The pro circuit demands that a smoker cook multiple meats, so Nadeau gets constant practice in the art of chicken, brisket and pork, and what goes with them. “If you can cook good barbecue,” he says, “you don’t need sauce, but when you’re competing they look for a proper sauce.” His most recent road trip took him to nine states in five weeks. For the second year in a row he took first place for his Original sauce, beating 500 teams competing at the American Royal World Series of Barbecue in Kansas City. “That trip cost me $900 just in brisket,” he says.
Meanwhile, his new restaurant in Clermont serves up his road-tested recipes and specialties like smoked and fried chicken wings and pulled pork egg rolls.
There are big differences between home cooking, retail barbecue and competition. “Competition judges don’t like ribs with fall-off-the-bone meat like we do,” he says. “They actually score for bite marks.”
He’s particular in his cooking styles. “I don’t like the Texas style of a hard crust on brisket. I inject moisture into the meat and smoke it at a low heat. And red sauce, not vinegar or mustard, on my ribs and brisket.”
Cecil’s Texas Style BBQ
Dry rubbed, slow cooked over low heat for 18 to 24 hours, no salt, a little kick of Tex-Mex heat. That’s the recipe for beef ribs at Cecil’s.
“My favorite topic,” Reaves calls a conversation about barbecue. “It’s a lot of trial and error. A lot of smoke, a lot of sweat.”
Orlando was a vacation destination for the Dallas-bred Reaves family, and when father Cecil retired from IBM, that’s where they headed, opening the no-frills smoke shack on South Orange Avenue 20 years ago this past April. Dad retired 10 years ago, but still comes in once a week to check up on the kitchen.
Texas, just like Florida, is cow country, but Reaves’ massive signature beef ribs are a rarity. “Awfully hard to get,” he says. “The farther north you go, the bigger the cows; I have to order from Canada to get the size I want and, as it is, I can only serve them three times a week.” But with eight different kinds of meat and 16 to 17 sides, there’s usually something to fill the non-rib moments.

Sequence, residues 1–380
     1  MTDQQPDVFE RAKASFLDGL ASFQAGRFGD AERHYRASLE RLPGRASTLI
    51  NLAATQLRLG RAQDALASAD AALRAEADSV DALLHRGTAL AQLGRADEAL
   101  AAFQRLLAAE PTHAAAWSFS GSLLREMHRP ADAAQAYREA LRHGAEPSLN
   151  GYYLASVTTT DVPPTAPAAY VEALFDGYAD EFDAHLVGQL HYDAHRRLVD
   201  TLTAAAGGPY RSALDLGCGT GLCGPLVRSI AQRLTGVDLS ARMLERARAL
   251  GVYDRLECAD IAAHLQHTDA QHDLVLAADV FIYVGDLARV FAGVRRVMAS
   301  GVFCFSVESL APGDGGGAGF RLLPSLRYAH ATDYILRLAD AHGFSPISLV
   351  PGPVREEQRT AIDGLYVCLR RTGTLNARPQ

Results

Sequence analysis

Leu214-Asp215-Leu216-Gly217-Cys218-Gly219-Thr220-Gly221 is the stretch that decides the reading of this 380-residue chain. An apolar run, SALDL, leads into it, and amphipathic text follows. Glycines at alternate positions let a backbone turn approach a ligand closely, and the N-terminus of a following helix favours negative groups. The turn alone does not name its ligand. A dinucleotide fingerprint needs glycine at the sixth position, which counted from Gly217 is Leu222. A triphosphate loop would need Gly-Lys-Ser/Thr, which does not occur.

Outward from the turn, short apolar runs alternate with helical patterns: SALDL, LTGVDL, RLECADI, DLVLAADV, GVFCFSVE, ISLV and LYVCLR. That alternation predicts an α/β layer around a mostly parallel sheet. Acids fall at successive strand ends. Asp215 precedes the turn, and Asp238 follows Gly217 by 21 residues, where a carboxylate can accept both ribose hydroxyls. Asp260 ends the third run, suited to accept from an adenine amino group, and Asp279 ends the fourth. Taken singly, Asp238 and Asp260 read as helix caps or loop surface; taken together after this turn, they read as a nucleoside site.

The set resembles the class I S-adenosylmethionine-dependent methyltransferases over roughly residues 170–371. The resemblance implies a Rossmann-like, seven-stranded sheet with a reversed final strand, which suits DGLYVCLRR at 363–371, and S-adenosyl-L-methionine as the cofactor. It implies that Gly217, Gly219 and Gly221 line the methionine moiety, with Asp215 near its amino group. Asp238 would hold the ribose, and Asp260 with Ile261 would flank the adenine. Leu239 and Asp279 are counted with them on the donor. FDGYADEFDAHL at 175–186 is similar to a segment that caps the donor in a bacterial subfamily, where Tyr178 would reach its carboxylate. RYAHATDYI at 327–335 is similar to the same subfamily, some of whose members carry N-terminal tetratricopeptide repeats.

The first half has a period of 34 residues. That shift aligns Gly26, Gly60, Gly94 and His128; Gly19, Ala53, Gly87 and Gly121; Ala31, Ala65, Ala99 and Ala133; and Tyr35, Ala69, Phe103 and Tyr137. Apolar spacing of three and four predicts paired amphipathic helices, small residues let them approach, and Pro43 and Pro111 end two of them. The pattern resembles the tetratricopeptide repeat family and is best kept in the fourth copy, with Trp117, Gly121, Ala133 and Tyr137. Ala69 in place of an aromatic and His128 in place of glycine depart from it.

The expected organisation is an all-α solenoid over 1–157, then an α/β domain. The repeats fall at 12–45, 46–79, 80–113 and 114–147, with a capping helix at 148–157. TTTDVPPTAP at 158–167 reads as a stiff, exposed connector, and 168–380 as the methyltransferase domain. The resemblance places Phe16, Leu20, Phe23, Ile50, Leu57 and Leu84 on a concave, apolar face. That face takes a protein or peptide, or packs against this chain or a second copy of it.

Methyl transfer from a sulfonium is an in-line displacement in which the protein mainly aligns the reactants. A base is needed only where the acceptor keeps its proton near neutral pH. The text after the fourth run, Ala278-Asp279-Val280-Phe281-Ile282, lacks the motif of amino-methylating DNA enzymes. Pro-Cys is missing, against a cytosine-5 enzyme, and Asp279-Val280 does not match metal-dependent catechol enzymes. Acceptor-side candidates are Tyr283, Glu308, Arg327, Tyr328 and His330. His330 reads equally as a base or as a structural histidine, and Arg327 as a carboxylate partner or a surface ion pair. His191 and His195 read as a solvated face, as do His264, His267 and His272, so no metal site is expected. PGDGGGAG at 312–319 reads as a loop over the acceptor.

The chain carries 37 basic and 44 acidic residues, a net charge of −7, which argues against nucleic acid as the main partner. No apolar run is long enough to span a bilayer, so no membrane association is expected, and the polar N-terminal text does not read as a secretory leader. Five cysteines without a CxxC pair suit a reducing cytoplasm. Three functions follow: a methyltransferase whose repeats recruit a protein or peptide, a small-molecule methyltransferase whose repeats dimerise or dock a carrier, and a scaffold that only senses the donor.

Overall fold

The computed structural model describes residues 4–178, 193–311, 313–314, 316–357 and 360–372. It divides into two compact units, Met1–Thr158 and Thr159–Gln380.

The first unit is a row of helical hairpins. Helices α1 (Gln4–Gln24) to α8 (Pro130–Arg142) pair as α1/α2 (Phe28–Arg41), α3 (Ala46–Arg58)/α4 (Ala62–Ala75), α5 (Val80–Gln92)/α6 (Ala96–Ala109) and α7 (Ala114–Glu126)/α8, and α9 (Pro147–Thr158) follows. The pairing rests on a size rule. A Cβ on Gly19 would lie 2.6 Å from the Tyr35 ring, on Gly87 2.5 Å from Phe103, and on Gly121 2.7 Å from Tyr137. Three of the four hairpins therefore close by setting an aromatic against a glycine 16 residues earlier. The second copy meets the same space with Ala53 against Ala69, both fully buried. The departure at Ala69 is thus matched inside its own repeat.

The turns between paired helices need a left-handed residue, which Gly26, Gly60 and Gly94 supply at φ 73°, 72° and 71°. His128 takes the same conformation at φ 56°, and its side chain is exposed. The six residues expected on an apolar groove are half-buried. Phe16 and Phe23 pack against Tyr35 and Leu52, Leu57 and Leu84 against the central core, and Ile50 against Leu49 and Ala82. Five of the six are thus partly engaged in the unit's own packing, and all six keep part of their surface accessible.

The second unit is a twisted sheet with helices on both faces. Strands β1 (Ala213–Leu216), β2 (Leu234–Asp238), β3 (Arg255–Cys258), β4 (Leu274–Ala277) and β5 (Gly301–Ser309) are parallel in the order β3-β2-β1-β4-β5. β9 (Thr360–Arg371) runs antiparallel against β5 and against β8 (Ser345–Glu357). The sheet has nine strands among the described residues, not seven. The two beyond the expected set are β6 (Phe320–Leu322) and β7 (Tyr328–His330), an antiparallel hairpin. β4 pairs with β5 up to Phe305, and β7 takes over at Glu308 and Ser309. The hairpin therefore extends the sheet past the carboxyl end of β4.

“Barbecue is comfort food,” Reaves says. “It’s good and it’s messy. Nobody worries about what they look like.”
Bruce Blunt Sr.
From roadside smoke stand to cooking for the Bob Carr Performing Arts Centre, Blunt has been a smoking influence on Orlando palates for more than 20 years. But his fame is in
“Even not-so-good barbecue is still good,” Blunt says. “But if you have really good smoked meat that doesn’t need sauce, sauce will make it better.”
With a range of sauces available at outlets like Fresh Market and Lombardi’s Seafood, Blunt says they complement everything. BoJack’s Slappin’ sauce, a dark and spicy blend, goes with sausage and steak; pulled pork works well with the slightly sweet Original sauce; turkey and fish benefit from the tangy Mustard sauce; and the sweet and spicy Garlic Wing sauce makes those little devils flap.
“No matter what’s on the stove,” Blunt says, “the perfect fit for everyone is BBQ. Everyone loves apple pie, everyone loves BBQ. There isn’t anything you can’t cook on a grill.”
Bubbalou’s Bodacious Bar-B-Que
5 Orlando-area locations
The Meiner food roots go back to 1917 and the grocery store that Eddie, Sam’s grandfather, owned in Geneva. Meiner’s Pit Bar-b-que, Mack Meiner’s BBQ, Café Society, Eddie’s Bar-B-Que, and Meiner’s Catering Service are all part of the family history, and smoke is in Sam’s blood. “My family could cook anything,” he says.